Holy Cow! This topic (the maintenance fee) has led to a firestorm over on the TMC site. 40-some pages of disucssion in just 2 days! People are super fired up over this. I was happy to return to the calm-ness of this forum!

@Volker..

It's rather simple really. My enthusiasm for OWNING a Models S overrides my common sense. Plain and simple: Got to have it.

Whereas ... economics come back in to play after the car hits my driveway and the brain comes back to reality.

Theresa,

Before control electronics (ABS, Traction control, Vehicle stability control) rear wheel drive vehicles were harder for the average person to drive in the snow because of the poor weight distribution. You used to have to put sandbags in the trunk to help balance the car. With the electronics that are in many modern cars now where the drive is (front, rear, or all) makes little difference--provided you have adequate tires.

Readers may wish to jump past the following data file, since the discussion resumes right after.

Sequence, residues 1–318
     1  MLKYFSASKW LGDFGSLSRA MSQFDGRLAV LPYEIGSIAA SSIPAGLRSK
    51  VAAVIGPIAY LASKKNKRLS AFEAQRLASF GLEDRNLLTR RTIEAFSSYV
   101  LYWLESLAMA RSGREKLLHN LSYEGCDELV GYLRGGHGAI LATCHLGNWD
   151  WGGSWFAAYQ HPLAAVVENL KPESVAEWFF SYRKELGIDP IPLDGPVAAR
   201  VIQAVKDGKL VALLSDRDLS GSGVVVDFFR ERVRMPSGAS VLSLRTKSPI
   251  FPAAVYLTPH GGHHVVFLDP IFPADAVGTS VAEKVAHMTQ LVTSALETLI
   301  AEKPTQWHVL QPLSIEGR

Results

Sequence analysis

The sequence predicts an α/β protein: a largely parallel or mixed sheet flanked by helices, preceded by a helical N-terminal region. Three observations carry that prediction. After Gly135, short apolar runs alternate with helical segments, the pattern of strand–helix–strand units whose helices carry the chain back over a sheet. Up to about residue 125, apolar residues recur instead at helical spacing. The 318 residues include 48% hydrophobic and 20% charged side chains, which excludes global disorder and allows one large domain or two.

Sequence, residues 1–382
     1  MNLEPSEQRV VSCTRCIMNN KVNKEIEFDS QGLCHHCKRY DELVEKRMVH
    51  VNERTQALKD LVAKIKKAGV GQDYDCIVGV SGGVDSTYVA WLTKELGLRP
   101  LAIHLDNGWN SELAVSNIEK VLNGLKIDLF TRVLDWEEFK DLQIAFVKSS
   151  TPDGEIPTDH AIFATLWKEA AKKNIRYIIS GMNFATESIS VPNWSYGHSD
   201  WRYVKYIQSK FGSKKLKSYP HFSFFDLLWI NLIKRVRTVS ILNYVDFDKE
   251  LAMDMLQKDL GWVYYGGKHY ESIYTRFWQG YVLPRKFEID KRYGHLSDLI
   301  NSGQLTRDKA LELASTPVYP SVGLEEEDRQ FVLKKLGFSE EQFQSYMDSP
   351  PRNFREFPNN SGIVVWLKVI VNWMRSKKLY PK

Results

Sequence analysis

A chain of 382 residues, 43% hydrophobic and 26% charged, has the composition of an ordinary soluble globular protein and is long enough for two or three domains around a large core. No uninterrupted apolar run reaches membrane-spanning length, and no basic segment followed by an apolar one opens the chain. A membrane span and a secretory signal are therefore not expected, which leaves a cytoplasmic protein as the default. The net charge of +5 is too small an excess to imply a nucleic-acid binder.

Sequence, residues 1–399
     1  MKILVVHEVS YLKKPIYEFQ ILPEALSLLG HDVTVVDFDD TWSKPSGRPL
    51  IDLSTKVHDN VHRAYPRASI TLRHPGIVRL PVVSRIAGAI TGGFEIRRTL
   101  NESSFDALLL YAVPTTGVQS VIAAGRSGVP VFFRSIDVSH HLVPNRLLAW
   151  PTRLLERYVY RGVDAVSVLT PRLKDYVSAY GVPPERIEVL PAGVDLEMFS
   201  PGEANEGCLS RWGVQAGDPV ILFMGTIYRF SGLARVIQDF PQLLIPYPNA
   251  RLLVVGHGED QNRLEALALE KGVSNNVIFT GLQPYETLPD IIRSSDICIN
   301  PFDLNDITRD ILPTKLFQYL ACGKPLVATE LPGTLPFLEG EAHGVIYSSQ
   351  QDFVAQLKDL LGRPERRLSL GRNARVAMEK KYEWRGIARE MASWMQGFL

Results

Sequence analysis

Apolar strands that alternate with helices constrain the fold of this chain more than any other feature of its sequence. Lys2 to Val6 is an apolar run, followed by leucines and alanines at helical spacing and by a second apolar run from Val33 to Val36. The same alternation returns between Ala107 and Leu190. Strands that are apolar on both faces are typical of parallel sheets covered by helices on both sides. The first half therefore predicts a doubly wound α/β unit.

ChasF--I don't have any other information about the wheel alignment. I posted the quote from my Tesla rep exactly as it was emailed to me. Admittedly it is not completely clear. I'll email back for clarification.

No one seems to answer the question about high mileage drivers ( 25k- 30k) per year..... Is it $600per year or $1800 per

Thx Bill T

When my Lexus was under warranty, I was paying $300 - $500 per year for scheduled maintenance. Oil change, filter, tire rotation, brake and belt inspections, etc. The user manual showed a scheduled inspection about every 6,000 miles, as I recall. By the time you got done paying for shop rags, air filters, and miscellaneous parts, the bill would average $175, when I thought I was just getting an oil change.